Vancouver Book Award winner; Lambda Literary Award finalist
A memoir about sex work and sexuality, and how writing became the author's lifeline.
Amber Dawn's acclaimed first novel Sub Rosa, a darkly intoxicating fantasy about a group of magical prostitutes who band together to fend off bad johns in a fantastical underworld, won a Lambda Literary Award in 2011. How Poetry Saved My Life, Amber Dawn's sophomore book, reveals an even more poignant and personal landscape--the terrain of sex work, queer identity, and survivor pride. This story, told in prose and poetry, offers a frank, multifaceted portrait of the author's experiences hustling the streets of Vancouver, and how those years took away her self-esteem and nearly destroyed her; at the crux of this autobiographical narrative is the tender celebration of poetry and literature, which--as the title suggests--acted as a lifeline during her most pivotal moments.
As raw and fiery as its author, How Poetry Saved My Life is a powerful account of survival and the transformative power of literature.
Amber Dawn's How Poetry Saved My Life made my hard femme heart burst out in tears in a working-class bar an hour away from my hometown. I've read a lot of mediocre queer poetry; this isn't it. This is a queer femme survivor sex worker love song triumph every single piece of which made me yell goddamn. I can't wait to gift this book to every single femme I know who will knock you flat for no goddamn reason--who are the femmes I love the most. I cannot thank Amber Dawn enough for living to tell this brilliantly gorgeous, needed offering. How did we live this long without this book? These poems didn't just save Amber Dawn's life: they will save yours.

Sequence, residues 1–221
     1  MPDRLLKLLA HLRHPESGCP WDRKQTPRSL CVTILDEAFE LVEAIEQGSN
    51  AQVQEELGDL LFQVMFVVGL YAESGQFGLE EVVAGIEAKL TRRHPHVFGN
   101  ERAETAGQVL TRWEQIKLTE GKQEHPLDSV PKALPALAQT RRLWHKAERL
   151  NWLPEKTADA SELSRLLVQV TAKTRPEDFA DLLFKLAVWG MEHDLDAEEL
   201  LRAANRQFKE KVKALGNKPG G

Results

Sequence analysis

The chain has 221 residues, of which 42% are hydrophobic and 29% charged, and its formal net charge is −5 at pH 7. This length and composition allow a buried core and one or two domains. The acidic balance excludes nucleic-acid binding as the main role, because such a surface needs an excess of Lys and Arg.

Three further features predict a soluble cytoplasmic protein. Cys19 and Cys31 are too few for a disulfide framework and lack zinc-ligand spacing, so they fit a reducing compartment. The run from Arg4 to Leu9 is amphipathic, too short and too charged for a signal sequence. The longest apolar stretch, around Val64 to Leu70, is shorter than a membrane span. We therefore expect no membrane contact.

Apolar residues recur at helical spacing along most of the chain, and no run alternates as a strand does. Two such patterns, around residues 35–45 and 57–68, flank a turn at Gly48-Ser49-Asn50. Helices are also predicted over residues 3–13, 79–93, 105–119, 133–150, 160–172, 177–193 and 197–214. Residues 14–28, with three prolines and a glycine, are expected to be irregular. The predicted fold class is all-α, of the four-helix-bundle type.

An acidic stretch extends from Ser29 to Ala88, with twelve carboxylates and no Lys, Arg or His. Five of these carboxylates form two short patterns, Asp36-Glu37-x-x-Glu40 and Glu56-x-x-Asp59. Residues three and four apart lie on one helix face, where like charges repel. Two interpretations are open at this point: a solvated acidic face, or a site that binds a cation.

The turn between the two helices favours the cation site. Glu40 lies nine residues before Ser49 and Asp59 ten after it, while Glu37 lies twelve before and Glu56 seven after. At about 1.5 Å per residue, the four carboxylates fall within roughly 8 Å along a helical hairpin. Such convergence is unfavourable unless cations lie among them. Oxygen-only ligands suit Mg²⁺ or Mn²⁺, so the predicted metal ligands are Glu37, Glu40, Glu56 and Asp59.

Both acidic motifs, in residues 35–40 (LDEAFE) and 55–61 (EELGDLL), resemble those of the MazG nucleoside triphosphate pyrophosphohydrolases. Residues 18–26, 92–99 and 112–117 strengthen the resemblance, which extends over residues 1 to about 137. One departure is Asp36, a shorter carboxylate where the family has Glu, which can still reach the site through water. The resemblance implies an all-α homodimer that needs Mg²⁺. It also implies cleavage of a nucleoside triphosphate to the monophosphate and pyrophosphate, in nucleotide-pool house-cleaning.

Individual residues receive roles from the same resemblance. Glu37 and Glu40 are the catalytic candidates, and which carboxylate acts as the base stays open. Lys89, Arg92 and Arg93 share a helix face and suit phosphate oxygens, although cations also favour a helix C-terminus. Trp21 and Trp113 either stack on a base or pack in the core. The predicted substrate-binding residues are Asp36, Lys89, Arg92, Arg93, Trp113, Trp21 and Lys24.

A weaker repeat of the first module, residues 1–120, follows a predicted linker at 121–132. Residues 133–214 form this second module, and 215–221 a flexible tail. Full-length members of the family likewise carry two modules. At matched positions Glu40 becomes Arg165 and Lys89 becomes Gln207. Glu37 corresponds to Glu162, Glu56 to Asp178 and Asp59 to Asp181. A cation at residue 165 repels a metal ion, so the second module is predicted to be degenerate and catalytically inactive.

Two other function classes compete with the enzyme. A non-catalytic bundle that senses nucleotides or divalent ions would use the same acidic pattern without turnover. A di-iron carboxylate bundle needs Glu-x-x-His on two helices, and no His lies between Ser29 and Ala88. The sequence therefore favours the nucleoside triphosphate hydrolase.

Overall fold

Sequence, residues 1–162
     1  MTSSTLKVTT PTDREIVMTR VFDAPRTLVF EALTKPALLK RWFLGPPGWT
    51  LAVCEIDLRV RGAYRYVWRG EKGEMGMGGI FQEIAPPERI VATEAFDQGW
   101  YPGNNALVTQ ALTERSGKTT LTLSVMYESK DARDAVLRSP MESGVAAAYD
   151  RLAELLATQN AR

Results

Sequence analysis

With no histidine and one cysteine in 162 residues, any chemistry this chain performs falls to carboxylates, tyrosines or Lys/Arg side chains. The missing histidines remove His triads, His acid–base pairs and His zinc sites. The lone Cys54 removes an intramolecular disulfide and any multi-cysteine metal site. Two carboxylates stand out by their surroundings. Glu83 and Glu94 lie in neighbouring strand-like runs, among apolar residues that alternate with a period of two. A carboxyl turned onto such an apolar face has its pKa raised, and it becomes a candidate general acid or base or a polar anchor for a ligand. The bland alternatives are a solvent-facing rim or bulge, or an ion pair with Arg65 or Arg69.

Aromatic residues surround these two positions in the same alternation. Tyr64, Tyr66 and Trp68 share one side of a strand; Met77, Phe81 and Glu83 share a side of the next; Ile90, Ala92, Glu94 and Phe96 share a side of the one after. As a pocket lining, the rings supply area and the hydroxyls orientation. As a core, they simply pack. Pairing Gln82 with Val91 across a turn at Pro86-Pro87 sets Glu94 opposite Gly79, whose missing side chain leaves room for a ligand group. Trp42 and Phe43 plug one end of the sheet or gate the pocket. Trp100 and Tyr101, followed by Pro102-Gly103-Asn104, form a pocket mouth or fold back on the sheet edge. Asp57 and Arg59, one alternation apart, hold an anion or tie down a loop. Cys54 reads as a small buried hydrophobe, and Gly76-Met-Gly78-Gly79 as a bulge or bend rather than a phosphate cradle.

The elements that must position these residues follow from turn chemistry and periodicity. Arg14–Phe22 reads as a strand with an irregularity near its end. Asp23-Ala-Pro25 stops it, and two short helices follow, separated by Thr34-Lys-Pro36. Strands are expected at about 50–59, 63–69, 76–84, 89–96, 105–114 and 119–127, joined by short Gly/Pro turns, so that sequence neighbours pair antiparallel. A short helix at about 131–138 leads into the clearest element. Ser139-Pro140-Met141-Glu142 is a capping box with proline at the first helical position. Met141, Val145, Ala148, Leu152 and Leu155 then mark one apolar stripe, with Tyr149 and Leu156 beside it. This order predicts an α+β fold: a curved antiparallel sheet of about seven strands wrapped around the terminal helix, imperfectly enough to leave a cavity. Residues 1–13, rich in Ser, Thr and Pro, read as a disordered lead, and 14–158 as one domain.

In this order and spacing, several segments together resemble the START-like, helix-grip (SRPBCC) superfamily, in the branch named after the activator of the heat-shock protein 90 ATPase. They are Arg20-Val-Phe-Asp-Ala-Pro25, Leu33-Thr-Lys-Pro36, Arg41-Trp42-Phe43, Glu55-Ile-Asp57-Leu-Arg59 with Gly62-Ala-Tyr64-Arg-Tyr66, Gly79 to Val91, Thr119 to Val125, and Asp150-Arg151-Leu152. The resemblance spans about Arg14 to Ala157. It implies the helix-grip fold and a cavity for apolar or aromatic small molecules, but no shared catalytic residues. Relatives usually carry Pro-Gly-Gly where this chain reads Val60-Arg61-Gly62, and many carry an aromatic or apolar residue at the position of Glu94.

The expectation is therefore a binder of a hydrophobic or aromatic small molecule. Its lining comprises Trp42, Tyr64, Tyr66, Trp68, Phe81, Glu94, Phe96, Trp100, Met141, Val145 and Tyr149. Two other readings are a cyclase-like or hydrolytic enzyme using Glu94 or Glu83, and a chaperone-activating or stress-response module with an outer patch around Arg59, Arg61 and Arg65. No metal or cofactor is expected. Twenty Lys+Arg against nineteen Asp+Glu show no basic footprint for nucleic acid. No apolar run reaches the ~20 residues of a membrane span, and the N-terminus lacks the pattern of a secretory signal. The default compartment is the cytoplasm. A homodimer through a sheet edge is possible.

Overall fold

-Leah Lakshmi Piepzna-Samarasinha, Lambda Literary Award-winning author of Love Cake
How Poetry Saved My Life is painful but also nurturing. I suspect it will act as a radical gathering place for all of us - queer femme folk - who are road-weary, and have lives to grieve and lovers to remember.
-Tulia Thompson, blogger
Amber Dawn documents her profound journey through the indoor and outdoor sex industry, offering up awkward, tough, funny, and tenderhearted reflections on her survival and emergence as a gifted poet and novelist.
-Zoe Whittall, author of Holding Still for as Long as Possible and Bottle Rocket Hearts
In her witty, difficult, frank, marvelously varied book How Poetry Saved My Life, the writer Amber Dawn peels back the veneer society has imposed and humanizes the sex trade. In so doing she claims her voice. Part confessional, part polemic, part pure poetry and prose, Amber Dawn shows herself to be an author worth watching.
True and shining genius ... Amber Dawn writes with profound clarity and eloquence.
How Poetry Saved My Life is part prose, part poetry, all nerve. It's a visceral collection of stories and poems, charting sex work, queer identity, and a testament to language's ability to save.